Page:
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As schools across the country struggle to find time to provide their students with engaging hands-on lessons in science, five schools and their science partners have received grants from NCTL and the Noyce Foundation to introduce a new STEM education program to their students. 

Kathleen Megan of the Hartford Courant wrote a great article last week on the Casimir Pulaski Elementary School in Meriden, CT, one of our TIME Collaborative schools beginning their third year with an expanded school schedule.

At NCTL, we spend a lot of time thinking about alternative school schedules and helping schools and districts plan new schedules that meet their students’ learning needs. As students across the country are returning to school this week, a new twist on school scheduling is very much in the news. 

There is plenty of evidence demonstrating that more time in school can help students learn a broader set of skills and subjects. If you want the hard facts, check out our ELT research section. Not only does more learning time play a pivotal role in enabling a well-rounded education,  we know that expanding learning time can lead to accelerated student achievement.

An intriguing poll by Education Next was released this week that shows declining support for the Common Core. While a majority still support the math and literacy standards now in place in 43 states, the size of that majority has definitely shrunk from a year ago (65 percent support in 2013 vs. 53 percent support in 2014).  Interestingly, the decline in support seems largely a case of the Common Core as “a tainted brand,” to use the term of the survey authors.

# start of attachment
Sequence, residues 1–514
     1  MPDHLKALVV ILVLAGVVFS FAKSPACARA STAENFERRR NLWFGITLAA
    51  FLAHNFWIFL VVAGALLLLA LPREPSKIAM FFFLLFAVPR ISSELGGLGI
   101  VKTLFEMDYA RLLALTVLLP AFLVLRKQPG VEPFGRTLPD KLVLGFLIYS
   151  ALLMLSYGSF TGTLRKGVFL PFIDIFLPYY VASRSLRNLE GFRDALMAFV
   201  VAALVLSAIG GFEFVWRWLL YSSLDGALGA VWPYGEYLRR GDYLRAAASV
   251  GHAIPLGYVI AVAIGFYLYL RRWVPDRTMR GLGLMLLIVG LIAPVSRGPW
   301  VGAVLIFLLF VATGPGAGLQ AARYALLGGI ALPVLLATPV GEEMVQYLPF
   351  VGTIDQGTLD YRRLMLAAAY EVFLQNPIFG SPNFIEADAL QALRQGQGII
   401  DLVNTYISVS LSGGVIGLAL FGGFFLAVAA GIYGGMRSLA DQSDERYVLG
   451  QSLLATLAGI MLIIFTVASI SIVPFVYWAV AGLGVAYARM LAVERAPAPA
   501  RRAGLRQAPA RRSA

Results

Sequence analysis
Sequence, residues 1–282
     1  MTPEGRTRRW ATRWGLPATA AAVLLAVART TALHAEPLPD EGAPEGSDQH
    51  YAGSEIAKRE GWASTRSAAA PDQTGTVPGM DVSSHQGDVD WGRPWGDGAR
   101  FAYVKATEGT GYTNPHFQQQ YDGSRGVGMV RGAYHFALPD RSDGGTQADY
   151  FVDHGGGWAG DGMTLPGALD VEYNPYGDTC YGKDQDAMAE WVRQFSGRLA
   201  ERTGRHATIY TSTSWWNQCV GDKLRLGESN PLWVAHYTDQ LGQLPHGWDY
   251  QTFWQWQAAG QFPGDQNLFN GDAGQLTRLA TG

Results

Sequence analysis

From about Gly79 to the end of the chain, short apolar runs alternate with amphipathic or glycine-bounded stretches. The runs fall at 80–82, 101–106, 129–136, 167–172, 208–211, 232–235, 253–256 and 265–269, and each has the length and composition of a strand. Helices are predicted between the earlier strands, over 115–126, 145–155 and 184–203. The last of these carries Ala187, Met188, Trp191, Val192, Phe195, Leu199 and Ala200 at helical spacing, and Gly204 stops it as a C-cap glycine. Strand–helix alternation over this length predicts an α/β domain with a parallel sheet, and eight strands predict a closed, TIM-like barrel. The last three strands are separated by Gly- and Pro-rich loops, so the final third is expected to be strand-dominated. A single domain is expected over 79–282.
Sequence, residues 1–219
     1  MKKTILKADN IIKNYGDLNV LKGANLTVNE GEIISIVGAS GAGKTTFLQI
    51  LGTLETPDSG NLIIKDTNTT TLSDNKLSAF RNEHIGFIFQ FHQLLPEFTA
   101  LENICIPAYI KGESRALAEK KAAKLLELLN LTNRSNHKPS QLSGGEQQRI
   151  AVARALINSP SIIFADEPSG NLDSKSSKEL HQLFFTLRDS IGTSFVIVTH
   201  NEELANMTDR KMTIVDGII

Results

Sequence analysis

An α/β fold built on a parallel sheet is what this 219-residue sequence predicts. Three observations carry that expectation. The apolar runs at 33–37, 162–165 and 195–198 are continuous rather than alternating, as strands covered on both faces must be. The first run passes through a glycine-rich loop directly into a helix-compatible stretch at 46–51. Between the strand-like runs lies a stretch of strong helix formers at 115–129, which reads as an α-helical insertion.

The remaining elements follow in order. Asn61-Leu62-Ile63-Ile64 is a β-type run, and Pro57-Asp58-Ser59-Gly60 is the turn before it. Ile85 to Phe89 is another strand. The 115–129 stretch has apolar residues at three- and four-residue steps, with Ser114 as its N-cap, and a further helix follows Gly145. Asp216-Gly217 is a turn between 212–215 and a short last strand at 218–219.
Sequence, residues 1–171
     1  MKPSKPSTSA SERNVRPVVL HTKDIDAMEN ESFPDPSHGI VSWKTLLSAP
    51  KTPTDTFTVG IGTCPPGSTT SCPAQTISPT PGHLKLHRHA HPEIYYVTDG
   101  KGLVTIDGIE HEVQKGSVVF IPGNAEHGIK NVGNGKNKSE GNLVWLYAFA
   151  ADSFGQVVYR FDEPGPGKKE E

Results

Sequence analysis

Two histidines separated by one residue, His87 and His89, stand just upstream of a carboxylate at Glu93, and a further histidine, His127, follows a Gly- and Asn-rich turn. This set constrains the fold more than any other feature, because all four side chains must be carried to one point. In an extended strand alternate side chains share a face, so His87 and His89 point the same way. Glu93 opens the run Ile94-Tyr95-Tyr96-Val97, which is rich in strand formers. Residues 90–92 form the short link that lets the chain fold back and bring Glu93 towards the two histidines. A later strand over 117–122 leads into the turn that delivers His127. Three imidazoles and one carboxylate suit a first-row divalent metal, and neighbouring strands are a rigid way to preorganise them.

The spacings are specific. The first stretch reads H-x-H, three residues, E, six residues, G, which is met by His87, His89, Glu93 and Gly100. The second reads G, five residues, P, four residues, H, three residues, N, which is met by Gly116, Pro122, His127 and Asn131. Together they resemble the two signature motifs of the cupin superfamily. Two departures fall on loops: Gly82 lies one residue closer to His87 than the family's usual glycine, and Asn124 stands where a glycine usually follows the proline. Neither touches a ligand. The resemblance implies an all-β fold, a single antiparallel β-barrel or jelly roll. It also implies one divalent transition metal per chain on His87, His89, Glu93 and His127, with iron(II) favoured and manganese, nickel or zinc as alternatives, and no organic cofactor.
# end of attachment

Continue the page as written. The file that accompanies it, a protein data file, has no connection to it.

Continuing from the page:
Today’s blog post is written by our summer intern, Talia Mercado. 

Growing up with a mother as a teacher taught me the importance of education at an early age. I grew up going into school with my mother and sitting in on the elementary school classes she taught.

Nearly everyone in my family works or used to work in education, so it’s only natural that I have an interest in the field as well. Throughout my experience I have worked in many schools in my college town of Lewiston, Maine, and have felt frustrated by some of what I see in those classrooms - run down facilities with insufficient resources, failed grades on standardized tests, and projects left unfinished as teachers work hard to keep up with curriculum requirements. I know that expanded learning time could help these struggling schools.

recent story out of New Haven, CT has been making the rounds in the education reform world. The tale is of one school’s effort to expand learning time and how that attempt failed to meet expectations.  Here’s the story in brief, as reported by Melissa Bailey of the Hechinger Report:

Earlier this month, Governor Patrick signed the MA state's FY2015 $36.5 billion budget. As with every year, there are many competing priorities and we are grateful that the budget includes a $500,000 increase for the MA Expanded Learning Time Initiative, bringing the funding for the Initiative up to $14.6M. 

Today’s blog is written by summer intern, Jeanie Mai.

Every child should be given an expanded learning time (ELT) education, but most don’t have that opportunity. Fortunately, I lived in an area where an ELT school had just opened up, and conveniently, in the grade I was entering. 

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